Northwest pear growers learned this week they have front-door access to the biggest market on the planet for the first time.

Northwest pear growers learned this week they have front-door access to the biggest market on the planet for the first time.

Nearly two decades after a protracted effort to gain entry to China, U.S. pears are officially sanctioned. The region's pears previously have trickled in via Hong Kong buyers, but now the door is open — especially for Red Anjou and Starkrimson varieties.

While only about 5 percent of the pears grown in the Rogue Valley fall into the red pear category, the residual benefits aren't lost on Mike Naumes, president of Naumes Inc.

"It has the potential to be a nice large market for Northwest pears," said Naumes, whose family holdings reach from the Sacramento Valley into Central Washington. "Having more markets and better distribution can positively affect the price, because it tends to keep the supply in line with demand."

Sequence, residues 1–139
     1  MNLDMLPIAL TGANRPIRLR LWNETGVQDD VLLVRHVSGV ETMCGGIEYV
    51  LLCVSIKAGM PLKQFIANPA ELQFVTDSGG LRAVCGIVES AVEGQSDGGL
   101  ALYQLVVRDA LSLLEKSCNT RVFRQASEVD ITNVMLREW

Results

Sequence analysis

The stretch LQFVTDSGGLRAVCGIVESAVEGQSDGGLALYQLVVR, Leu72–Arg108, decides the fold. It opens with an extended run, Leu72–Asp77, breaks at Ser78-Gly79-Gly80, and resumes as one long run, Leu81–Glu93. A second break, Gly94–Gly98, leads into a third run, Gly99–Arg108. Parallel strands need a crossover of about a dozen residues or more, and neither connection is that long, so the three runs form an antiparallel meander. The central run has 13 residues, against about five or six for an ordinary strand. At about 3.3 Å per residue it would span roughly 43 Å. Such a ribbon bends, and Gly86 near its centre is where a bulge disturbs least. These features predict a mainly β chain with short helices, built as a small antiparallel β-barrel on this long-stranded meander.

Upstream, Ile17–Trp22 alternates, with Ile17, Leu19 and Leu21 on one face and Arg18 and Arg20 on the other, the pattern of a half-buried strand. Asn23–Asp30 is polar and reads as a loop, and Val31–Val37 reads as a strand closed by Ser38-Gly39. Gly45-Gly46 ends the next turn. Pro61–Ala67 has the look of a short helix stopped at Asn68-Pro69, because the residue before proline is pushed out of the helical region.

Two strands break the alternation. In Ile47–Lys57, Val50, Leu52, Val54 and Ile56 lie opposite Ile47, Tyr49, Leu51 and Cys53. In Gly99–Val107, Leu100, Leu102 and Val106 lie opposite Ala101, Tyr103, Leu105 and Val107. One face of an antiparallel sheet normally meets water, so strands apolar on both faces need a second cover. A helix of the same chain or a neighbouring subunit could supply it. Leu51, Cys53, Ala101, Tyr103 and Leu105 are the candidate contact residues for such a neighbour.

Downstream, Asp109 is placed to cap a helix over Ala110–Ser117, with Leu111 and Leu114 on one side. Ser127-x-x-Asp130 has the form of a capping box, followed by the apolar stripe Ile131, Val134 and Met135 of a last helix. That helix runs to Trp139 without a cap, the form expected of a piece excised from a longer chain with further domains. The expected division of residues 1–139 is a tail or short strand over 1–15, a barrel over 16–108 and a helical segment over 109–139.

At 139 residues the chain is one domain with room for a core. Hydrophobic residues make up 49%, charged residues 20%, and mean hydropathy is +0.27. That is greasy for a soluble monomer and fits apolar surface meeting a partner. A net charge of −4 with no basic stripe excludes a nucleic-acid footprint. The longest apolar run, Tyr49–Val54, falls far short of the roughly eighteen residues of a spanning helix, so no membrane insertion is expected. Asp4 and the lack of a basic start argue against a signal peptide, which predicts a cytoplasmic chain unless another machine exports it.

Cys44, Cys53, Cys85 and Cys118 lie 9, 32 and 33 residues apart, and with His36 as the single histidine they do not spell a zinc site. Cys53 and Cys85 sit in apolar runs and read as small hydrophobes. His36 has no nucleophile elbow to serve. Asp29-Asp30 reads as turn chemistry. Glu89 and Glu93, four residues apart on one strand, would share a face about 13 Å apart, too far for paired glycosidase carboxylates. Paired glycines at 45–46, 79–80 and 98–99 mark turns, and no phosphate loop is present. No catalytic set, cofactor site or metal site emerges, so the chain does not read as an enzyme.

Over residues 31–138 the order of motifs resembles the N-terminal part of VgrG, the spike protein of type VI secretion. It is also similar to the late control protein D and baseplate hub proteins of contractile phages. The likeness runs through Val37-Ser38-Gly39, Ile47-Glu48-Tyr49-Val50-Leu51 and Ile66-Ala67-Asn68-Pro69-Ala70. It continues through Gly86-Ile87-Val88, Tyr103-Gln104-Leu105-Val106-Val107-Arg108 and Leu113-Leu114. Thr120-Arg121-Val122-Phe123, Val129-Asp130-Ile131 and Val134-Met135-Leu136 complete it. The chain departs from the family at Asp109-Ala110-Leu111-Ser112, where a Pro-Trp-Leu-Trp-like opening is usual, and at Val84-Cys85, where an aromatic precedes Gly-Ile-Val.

Hood River and Wenatchee districts — where Naumes operates about 800 acres — are both major Anjou producers.

The Comice and Bosc varieties that comprise the majority of Rogue Valley production have yet to gain favor in China.

"They just don't know Comice over there, and with Bosc they don't like the color," Naumes said.

He anticipates that a green-skinned winter variety picked in mid-September, Packham Triumph, could fare well.

"They store real well," Naumes said.

The region's pears are now sold in more than two dozen countries — from Scandinavia to Dubai.

"Our exports have skyrocketed in the last 20 years," he said.

Naumes doesn't expect a local rush to plant red pears.

"There have been a lot of plantings of Red Anjous, especially in Hood River," he said.

The U.S. first officially requested access to Chinese markets for American pear growers in 1994, said Kevin Moffitt, president and CEO of Pear Bureau Northwest.

Based on exports to Hong Kong and Taiwan and the overall size of China, Moffitt said the country could easily rank among the top five export markets within two or three seasons.

The Pear Bureau has begun engaging Chinese importers and retailers about market access, the current pear crop outlook, and the varieties grown in Washington and Oregon. It will seek out importers and retailers who have handled Washington apples and California table grapes.

The bureau plans promotional programs in Shanghai, Beijing and Guangzhou.

Jeff Correa, the Pear Bureau's international marketing director, said between 25,000 and 40,000 44-pound boxes could be shipped to China by mid April.